While it's far from a hard and fast rule, during the past few decades overseas companies have more often than not done the most thorough job of archiving American music, at least in part due to more relaxed copyright laws. A longtime leader in carefully compiled sets has been Bear Family in Germany, one of the pioneers of multi-disc sets dedicated to single artists or labels in rock and country music.
The label's 35th anniversary year included one of their most elaborate productions ever, the 13-CD set Next Stop is Vietnam: The War on Record, 1961-2008. The collection will be the starting point of a symposium about music during the war, running November 18-20 at the Wisconsin Veterans Museum and Monona Terrace.
So, how did a German album release generate a symposium in Madison? It was a combination of factors coming together, writes Wisconsin Veterans Museum curator Jeffrey Kollath via email: "We first found out about Next Stop is Vietnam from Doug Bradley and Craig Werner, who have been working on their own Vietnam music project for over five years now. They got hooked up with Hugo Keesing, the producer of the set, early in 2010 and ended contributing an essay on the soldiers' reaction to the music of the era to the liner notes. "
Kollath continues: "Doug participated in a panel discussion with Hugo and Lauren Onkey from the Rock Hall at Kent State in May 2010 and made some initial contacts, although this idea had been percolating for some time before that. No one has ever done this for a Bear Family release before, so the label has been quite supportive of our efforts."
The massive box set includes more than 330 tracks, from familiar songs by legends like Bob Dylan and John Lennon to performances by soldiers recorded in-country and even some historical sound bites. There's also a 300-plus page hardcover book chronicling the Vietnam War and the cultural response to it in the United States.
Despite focusing on a subject with international reverberations, there should be a good opportunity to get a perspective on how the war related to Wisconsin. Werner is a professor in the Department of Afro-American Studies at UW-Madison, and Bradley a Vietnam veteran and assistant director in the university's Office of Corporate Relations. Other familiar Madison names among the panelists include drummer Clyde Stubblefield, country historian and WORT-FM radio host Bill Malone, and music writer/UW Ph.D. candidate Charles Hughes.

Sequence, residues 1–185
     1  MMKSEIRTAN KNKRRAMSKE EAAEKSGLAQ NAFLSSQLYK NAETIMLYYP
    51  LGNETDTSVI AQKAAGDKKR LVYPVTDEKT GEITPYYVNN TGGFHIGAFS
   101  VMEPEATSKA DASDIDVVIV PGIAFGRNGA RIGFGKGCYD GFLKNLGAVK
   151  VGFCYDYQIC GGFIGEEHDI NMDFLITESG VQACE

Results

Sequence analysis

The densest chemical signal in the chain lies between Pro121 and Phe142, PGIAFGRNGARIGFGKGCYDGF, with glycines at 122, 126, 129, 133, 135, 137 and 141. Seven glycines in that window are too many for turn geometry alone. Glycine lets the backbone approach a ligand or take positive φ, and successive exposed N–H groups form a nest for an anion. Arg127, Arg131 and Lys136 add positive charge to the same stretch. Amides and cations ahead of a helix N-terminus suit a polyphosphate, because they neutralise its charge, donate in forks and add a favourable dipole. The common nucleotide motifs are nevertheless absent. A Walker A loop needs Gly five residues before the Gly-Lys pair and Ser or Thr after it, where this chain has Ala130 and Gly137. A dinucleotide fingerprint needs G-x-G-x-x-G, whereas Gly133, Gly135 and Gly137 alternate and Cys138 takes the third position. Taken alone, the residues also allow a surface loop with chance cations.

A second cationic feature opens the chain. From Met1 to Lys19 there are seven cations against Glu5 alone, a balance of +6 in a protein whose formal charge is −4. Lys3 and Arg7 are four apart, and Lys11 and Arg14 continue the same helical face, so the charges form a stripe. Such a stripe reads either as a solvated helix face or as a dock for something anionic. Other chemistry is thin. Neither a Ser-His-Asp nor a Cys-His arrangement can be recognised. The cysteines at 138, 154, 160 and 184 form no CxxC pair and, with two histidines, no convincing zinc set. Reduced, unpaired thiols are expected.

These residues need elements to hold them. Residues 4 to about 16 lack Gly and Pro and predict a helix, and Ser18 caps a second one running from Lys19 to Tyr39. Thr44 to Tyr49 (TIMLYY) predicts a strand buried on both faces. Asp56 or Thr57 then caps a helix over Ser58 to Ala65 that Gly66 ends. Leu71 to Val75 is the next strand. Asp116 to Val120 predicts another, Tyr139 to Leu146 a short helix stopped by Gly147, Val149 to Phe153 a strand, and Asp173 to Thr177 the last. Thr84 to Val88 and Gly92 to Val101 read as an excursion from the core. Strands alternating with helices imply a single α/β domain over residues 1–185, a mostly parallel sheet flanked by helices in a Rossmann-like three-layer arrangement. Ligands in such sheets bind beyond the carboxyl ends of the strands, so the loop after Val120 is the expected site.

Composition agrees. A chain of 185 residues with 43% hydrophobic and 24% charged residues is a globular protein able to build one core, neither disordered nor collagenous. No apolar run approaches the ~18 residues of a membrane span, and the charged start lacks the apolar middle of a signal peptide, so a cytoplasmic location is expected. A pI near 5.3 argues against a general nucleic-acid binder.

"With the exception of Art Flowers," notes Kollath "all the veterans who are participating in the event are from Wisconsin or have lived here for a while."
With five talks over three days, and some falling during the standard 9-to-5 workday, it may be hard for interested folks to attend the entire event. Kollath offers some pointers: "Well, all the events are going to be great, but if you had to pick one, I'd go with the 'Does Anybody Know I'm Here: Black Music and the Black Experience in Vietnam' panel on Friday at the Monona Terrace. [The panel includes:] William Bell, a 25th Infantry Division veteran who contributed three great songs to the Vietnam canon after getting out of service in 1966; Clyde Stubblefield, who played with James Brown's band on his historic mini-tour of South Vietnam in 1968; and Art Flowers, a drafted grunt whose life since the war has been heavily influenced by the music of the era; all have different interpretations of the war years and the meaning of the music."
Kollath says organizers are particularly excited about bringing William Bell to Madison. "He was the 'it' performer on Stax Records until he got drafted in 1962," the curator explains. "When he got out of service, some guy named Otis Redding had taken the mantle from him, but Bell still made a great career for himself as a performer and a songwriter."
The "Next Stop is Vietnam" symposium is free and open to the public; a complete schedule of events is available here or from the museum. The symposium is spearheaded by the museum, in conjunction with Integrated Liberal Studies program and Department of Afro-American Studies at UW-Madison, the Rock and Roll Hall of Fame and Museum, Wisconsin Public Television, and Monona Terrace.